On the surface, yet another revival of Harold Pinter’s 1978 play Betrayal shouldn’t be all that notable.
There have been plenty of recent high-profile revivals of Pinter’s study of self-deception and adultery that serves as perhaps his most accessible and humane play. But this Broadway production starring Daniel Craig, Rachel Weisz and Rafe Spall and directed by Oscar-winning veteran Mike Nichols, that opened on Sunday night just off Manhattan’s Times Square, is a commercial phenomenon. Tickets are selling on New York’s black market for four-figure sums to see real-life couple Craig and Weisz play an unhappily married couple in a limited run.
The production itself reinforces the idea that this is no ordinary Betrayal. Of course Nichols’s version retains the play’s reverse chronological structure chronicling the love affair between Jerry (Spall) and Emma (Weisz) who is married to his best friend Robert (Craig). It begins in 1977 with Emma and Jerry meeting two years after their seven-year affair finished and ends when their liaison began at a drunken party in 1968.
But gone are the trademark Pinter pauses and the tenderness that have defined recent versions, most notably Ian Rickson’s West End production in 2011. Nichols takes liberties with stage directions, adding a fully-clothed sex scene, and renders the play’s climatic party scene unrecognisable from how it usually plays out.
Although this production never catches its breath to reveal the slow-burning ashes of the past that the play usually makes vivid, knockout performances from both Craig and Weisz render it a Betrayal on fire. Nichols’s crude and chaotic depiction of the love triangle is powerfully compelling theatre – enhanced, one feels, by the real-life frisson supplied by the onstage sparring of Weisz and Craig.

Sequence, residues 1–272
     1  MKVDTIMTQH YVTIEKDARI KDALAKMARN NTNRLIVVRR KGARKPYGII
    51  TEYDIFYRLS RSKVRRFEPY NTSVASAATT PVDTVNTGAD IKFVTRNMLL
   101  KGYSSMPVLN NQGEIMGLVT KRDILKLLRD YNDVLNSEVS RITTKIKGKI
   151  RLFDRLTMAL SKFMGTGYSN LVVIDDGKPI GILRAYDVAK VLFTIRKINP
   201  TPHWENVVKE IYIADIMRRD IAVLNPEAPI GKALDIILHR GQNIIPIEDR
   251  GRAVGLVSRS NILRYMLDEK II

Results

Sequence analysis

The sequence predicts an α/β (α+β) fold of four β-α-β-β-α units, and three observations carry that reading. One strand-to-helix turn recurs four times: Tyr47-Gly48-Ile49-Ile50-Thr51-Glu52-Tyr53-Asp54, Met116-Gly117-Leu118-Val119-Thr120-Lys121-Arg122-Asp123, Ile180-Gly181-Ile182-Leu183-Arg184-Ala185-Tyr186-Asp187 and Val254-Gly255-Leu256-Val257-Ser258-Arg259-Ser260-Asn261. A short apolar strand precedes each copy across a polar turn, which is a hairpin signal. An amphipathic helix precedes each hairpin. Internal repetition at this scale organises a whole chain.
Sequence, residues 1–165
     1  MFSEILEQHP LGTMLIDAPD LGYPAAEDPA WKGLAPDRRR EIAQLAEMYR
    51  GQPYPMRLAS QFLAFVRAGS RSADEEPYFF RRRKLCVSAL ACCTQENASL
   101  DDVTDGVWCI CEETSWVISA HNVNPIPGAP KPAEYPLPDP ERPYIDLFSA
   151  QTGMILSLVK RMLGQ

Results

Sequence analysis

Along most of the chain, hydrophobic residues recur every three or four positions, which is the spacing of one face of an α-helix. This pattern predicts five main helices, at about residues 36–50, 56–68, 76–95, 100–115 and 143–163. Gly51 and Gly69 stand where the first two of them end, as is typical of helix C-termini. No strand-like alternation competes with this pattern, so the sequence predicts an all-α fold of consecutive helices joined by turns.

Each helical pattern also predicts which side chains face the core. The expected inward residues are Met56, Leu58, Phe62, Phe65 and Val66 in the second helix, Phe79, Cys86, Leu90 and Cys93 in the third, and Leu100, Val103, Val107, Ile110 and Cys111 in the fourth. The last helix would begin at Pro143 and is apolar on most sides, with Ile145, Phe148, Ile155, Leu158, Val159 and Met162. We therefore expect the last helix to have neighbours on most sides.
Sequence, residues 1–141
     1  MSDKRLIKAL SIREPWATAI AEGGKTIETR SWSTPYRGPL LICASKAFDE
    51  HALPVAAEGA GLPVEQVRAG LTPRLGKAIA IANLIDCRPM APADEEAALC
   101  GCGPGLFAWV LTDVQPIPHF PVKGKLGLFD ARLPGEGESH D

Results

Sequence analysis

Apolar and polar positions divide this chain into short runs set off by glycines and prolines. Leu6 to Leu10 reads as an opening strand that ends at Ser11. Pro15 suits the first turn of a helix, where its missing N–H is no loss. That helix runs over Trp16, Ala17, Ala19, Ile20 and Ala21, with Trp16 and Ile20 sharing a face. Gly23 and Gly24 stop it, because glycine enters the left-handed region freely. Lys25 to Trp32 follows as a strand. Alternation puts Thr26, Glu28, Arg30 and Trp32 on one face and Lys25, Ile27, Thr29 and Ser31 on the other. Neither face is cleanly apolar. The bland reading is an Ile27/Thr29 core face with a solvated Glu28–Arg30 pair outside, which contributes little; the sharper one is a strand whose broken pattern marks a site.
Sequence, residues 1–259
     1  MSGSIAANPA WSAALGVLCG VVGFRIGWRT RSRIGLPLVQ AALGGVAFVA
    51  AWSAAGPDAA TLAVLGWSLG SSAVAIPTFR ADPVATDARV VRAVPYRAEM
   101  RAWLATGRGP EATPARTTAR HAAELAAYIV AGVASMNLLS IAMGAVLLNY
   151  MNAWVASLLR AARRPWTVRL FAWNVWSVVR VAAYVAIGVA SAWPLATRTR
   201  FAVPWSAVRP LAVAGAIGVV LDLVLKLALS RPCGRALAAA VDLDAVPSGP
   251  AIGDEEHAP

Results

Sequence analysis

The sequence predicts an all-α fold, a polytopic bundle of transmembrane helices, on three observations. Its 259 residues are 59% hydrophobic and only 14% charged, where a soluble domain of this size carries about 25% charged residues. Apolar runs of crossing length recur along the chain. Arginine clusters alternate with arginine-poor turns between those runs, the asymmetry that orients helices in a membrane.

Craig is brilliant as Robert, capturing the character’s menace and vulnerability, hurt more by the betrayal of his best friend than this wife. His assured performance reminds us he’s a stage natural and why so many 007 fans initially thought him insufficiently heroic to be a good Bond when the casting was first announced. Weisz is excellent as Emma, evoking the mastery she has over both her husband and his best friend, while conveying the emotional devastation she undergoes through piercing facial gestures.
There will be Pinter aficionados who mourn the absence of the layers beneath the surface. This version bears as much resemblance to many previous productions as a club kid does to a Chelsea pensioner. But the juxtaposition of Pinter’s starkly precise dialogue with such a frenzied production reinforces the emotional violence and dishonesty suffered by all three protagonists. It would be a shame if this fine production didn’t come home to London where the play first began.